Botulinum Toxin

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      A Review of it's Therapeutic Role in Movement Disorders (entered 2001)

 By D.E.Hobson BSc. M.D. FRCP(C)

 The indications for the clinical use of botulinum toxin (BTX) type A (table 1), a toxin that can safely and consistently weaken muscles, continue to grow in number. The toxin's effect at presynaptic  neuromuscular junction terminals is to cleave the protein complex (SNAP-25) binding site of acetyl-choline containing vesicles, thereby preventing acetyl-choline release (1). BTX also blocks the  autonomic postganglionic terminals from releasing acetylcholine. Although the latter fact had been confirmed in 1950's the clinical implications are only now being discovered (2).

 BTX is available in a crystallized, lyophilized form that is kept frozen in vials containing 100 units (1 unit is the LD 50 in mice). There is significant vial to vial variability in clinical potency (range of effective units  can be 70-130). Prior to injection, depending on the site to be treated, 1 to 4 milliliters of normal saline without preservative are added to a vial. As the toxin diffuses 1 to 2 centimeters in muscle, several  injections per muscle may be required for full benefit to be seen. Depending on the location being injected (e.g. vocal cord) an EMG guided technique can be used. After injection, although some  patients will claim instant relief, the clinical effect on muscle strength will begin in 2 to 3 days and cause maximal benefit by 7 to 10 days. The weakness is associated with muscle atrophy. The duration of  action ranges from 10 to 20 weeks (usually 3 months). Recovery to normal function occurs as the permanently dysfunctional nerve terminals are replaced as a result of sprouting (3). The treatment is repeated 3 to 4 times per year.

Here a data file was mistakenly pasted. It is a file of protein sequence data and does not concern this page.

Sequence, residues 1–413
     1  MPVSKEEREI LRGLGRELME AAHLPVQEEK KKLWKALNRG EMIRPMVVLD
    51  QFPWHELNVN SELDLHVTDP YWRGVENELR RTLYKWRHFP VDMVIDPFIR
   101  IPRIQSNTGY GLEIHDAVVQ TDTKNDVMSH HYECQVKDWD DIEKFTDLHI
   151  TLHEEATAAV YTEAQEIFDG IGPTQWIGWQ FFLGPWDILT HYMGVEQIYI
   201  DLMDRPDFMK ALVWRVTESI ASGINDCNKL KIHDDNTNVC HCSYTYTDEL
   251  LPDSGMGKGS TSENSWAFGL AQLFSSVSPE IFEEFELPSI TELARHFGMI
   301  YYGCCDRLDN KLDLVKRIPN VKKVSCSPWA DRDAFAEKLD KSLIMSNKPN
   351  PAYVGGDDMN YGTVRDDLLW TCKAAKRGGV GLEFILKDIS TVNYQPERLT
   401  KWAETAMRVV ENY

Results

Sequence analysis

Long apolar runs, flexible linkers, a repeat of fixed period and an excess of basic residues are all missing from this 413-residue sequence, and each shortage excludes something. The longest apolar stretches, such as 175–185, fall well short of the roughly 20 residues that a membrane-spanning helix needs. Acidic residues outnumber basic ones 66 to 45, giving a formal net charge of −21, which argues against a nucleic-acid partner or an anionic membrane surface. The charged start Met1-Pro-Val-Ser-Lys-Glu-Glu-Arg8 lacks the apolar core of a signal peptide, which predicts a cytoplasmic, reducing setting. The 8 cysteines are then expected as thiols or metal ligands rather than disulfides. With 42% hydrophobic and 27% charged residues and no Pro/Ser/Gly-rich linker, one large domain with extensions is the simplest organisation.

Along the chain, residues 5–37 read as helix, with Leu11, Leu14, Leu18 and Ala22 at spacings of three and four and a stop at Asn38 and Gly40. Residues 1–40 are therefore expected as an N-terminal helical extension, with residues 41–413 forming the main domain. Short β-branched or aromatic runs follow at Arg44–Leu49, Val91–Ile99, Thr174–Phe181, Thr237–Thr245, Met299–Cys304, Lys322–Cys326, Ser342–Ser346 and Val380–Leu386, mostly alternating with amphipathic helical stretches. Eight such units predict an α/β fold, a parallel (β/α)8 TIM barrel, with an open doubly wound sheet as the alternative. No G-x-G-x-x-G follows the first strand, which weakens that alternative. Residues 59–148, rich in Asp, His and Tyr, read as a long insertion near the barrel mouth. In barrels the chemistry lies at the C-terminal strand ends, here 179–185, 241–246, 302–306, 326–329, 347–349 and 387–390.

Dr. Allan Scott brought the most powerful toxin in the world (by weight) from the laboratory into the realm of clinical medicine in 1977 to control strabismus (4). At that stage he was already aware of this  toxin's potential for use in disorders of excessive muscle contraction including a variety of movement disorders (5).

Use in Movement disorders:

Blepharospasm, Hemifacial Spasm:

 Botulinum has become the treatment of choice for involuntary facial spasms with response rates of 90% for blepharospasm (6) and hemifacial spasm. The exact doses and sites injected vary from one  "injector" to another. Typical side effects include local bruising, ptosis, and dry or irritated eyes. Diplopia is rare. BTX is very successful in controlling obicularis oculi spasms. In those patients with  associated lower face involvement, injecting the periorbital region may be enough to stop the lower face movement. If not, cheek muscles are also injected. In some patients though, control over cheek  movement can only be achieved with resultant facial droop. If this happens when treating hemi-facial spasm the face can be made symmetric by injecting the opposite side. If satisfactory control of  hemi-facial spasm cannot be achieved without disfiguring weakness the patient would be tried on oral medication or referred for surgical decompression of the facial nerve.

 Cervical Dystonia (spasmodic torticollis):

Cervical dystonia was the second type of focal dystonia BTX was approved for. Although injection sites,  toxin dilution, doses, and the use of EMG guidance vary considerably between centers, it is clear that this therapy is far superior to that achieved with previously available medication. The patient can, on  average, expect 90% improvement in pain, and a 70% improvement in the involuntary movement (7). Pure rotational forms are the most responsive. Anterocollis is difficult to treat. The toxin, if injected into  neck flexors, diffuses to adjacent pharyngeal muscles and may create speech and swallowing difficulty.